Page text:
Link Posted: 1/18/2008 7:14:15 AM EST
[Last Edit: 1/18/2008 7:16:06 AM EST by stator]

Originally Posted By 556fiend:

Lenders in our market started adjusting qualifications last summer. I had a pre-approved buyer with a 5% down loan knocked up to 10% down two days before closing. He didn't do anything to justify the bump up, but his lender saw the writing on the wall and upped all their buyer's qualifications. I think the press has made it much worse than it really was, we've been experiencing the "slow bleed" for two years but everyone is waiting for a decapitation thats not gonna happen.



Exactly. The banking crisis is really not all a sub-prime mortgage crisis but goodwill write-offs from other banking operations. It is just that the mainstream news media focuses on some more sensational that viewers can comprehend in minutes.

When Houston real estate market tanked due to the oil bust, it did not result in a rapid decapitation of the real estate market coast-to-coast. It is because most loans are not upside-down which gives the bank an opportunity to foreclose, sell, and get their loaned money back.
Link Posted: 1/18/2008 7:21:01 AM EST

Originally Posted By 556fiend:

Originally Posted By LvFreeRDie:
...

The housing bubble involves hard assets, and as such will be spread out over a much longer period of time. It will play out as a slow bleed, not a sudden, swift crash. I believe that we're still in just the beginning stages of the real pain that will be felt.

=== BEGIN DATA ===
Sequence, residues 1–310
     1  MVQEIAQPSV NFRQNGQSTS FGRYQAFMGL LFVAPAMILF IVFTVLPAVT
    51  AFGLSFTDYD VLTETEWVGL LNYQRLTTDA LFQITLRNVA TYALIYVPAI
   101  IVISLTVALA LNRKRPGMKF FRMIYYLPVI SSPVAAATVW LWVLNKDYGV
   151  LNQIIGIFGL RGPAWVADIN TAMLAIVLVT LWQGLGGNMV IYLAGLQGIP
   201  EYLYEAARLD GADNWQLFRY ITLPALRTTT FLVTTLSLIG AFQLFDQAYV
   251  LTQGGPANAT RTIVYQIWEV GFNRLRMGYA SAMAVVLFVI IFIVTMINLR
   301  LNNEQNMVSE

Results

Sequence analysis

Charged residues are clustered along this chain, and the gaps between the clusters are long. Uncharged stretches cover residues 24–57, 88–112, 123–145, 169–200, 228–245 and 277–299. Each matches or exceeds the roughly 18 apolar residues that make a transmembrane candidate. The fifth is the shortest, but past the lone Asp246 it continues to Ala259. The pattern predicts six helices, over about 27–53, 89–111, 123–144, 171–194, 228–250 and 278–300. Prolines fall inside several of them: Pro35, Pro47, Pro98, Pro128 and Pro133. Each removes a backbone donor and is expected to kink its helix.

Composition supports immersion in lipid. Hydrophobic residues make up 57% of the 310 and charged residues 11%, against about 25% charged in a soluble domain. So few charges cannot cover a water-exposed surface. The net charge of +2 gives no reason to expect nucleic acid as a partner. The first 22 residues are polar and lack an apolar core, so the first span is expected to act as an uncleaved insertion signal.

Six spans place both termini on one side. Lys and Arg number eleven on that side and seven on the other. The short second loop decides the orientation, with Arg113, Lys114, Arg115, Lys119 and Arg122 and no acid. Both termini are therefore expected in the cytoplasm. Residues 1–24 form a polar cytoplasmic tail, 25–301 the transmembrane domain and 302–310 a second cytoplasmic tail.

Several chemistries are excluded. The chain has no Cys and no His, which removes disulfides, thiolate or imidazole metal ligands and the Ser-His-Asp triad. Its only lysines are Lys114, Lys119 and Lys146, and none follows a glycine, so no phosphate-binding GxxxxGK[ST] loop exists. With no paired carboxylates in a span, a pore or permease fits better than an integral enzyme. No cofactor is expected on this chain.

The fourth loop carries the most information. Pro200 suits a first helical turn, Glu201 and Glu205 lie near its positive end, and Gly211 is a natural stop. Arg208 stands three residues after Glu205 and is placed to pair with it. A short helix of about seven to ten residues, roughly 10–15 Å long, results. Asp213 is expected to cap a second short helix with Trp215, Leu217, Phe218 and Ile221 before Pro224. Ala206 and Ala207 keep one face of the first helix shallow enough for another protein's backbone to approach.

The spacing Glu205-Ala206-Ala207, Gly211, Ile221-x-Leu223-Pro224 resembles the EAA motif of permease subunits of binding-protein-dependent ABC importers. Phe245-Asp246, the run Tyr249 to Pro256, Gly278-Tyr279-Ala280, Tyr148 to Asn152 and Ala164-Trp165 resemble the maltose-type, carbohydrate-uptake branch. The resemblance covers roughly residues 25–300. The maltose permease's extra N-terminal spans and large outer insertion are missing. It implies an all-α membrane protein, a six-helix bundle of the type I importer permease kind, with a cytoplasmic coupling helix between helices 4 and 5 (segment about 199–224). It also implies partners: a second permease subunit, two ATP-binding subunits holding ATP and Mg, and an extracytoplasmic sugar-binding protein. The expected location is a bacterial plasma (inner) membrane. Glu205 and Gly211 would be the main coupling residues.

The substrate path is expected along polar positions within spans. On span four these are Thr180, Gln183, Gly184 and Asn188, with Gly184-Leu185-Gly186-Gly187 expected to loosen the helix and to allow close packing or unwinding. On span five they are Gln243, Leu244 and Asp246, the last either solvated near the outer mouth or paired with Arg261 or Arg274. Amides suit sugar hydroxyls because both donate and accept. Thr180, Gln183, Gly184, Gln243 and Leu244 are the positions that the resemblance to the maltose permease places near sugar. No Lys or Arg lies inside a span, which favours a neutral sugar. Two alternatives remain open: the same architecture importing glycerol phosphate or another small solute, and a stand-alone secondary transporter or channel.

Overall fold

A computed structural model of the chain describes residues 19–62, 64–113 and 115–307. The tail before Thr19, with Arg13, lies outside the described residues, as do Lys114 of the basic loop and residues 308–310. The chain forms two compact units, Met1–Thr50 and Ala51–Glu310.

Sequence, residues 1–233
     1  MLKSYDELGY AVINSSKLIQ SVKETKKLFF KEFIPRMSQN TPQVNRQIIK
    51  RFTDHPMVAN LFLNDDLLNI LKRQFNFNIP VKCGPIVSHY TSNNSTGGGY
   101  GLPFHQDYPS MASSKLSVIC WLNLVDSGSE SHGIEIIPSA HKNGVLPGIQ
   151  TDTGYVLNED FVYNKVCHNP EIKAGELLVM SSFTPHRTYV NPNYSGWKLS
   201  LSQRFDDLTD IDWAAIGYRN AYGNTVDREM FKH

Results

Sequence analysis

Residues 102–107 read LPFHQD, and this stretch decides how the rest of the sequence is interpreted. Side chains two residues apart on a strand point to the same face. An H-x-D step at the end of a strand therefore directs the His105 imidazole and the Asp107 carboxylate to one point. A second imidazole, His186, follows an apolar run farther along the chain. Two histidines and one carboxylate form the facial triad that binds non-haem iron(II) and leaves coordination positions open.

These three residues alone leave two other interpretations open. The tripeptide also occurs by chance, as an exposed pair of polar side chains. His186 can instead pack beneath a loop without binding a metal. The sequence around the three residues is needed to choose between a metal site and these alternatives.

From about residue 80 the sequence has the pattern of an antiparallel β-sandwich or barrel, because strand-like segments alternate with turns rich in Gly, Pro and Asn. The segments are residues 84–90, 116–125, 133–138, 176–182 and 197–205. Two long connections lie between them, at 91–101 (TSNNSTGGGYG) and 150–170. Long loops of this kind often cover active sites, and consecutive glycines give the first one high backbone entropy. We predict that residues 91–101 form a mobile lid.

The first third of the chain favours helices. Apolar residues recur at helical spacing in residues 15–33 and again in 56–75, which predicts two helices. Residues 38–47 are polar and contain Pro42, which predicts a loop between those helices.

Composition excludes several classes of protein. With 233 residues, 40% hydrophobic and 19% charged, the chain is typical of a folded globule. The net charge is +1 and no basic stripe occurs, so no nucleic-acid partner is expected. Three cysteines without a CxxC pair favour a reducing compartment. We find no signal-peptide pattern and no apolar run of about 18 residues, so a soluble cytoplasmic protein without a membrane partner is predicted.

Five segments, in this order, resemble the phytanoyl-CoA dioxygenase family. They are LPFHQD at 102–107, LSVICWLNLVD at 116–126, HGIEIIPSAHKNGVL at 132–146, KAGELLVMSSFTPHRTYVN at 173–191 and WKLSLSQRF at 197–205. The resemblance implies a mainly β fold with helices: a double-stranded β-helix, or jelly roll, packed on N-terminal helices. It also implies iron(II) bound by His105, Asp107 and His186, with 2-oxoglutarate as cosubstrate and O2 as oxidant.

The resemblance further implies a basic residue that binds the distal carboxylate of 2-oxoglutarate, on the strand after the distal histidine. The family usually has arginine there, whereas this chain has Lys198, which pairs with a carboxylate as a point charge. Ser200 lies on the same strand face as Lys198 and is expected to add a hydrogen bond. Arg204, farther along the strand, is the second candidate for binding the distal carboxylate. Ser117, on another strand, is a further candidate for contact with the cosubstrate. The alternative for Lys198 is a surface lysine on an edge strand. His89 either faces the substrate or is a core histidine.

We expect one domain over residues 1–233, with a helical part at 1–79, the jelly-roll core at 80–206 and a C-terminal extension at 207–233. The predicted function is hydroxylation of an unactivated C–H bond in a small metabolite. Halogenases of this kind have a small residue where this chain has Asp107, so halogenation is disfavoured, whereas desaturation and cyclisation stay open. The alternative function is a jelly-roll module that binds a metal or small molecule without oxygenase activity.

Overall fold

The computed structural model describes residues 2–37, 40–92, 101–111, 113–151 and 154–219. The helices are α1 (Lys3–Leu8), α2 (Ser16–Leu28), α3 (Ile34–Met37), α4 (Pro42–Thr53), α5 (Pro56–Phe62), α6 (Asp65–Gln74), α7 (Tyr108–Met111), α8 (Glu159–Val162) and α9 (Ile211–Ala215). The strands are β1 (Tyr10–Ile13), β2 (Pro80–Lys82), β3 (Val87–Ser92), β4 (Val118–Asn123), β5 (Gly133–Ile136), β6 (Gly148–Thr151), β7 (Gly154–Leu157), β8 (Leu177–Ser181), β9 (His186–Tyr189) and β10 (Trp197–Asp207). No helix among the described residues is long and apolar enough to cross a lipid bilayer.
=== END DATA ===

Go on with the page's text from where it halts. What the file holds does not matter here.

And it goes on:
Lenders in our market started adjusting qualifications last summer. I had a pre-approved buyer with a 5% down loan knocked up to 10% down two days before closing. He didn't do anything to justify the bump up, but his lender saw the writing on the wall and upped all their buyer's qualifications. I think the press has made it much worse than it really was, we've been experiencing the "slow bleed" for two years but everyone is waiting for a decapitation thats not gonna happen.

Remember, on a national average basis housing prices rose about 50% during the boom. They've only come down a few percent since then, while wages have risen only a few percent. That is not sustainable.

That 50% number is a little misleading. Some California markets experienced growth of 300% and people were flipping houses for 75% in one year. Orange County had a Realtor population of 1 in 5. Houston on the other hand realized maybe 25% growth on the whole.



That's why I said on a national average basis.
Link Posted: 1/18/2008 7:26:33 AM EST
[Last Edit: 1/18/2008 7:27:13 AM EST by 556fiend]

Originally Posted By LvFreeRDie:

Originally Posted By 556fiend: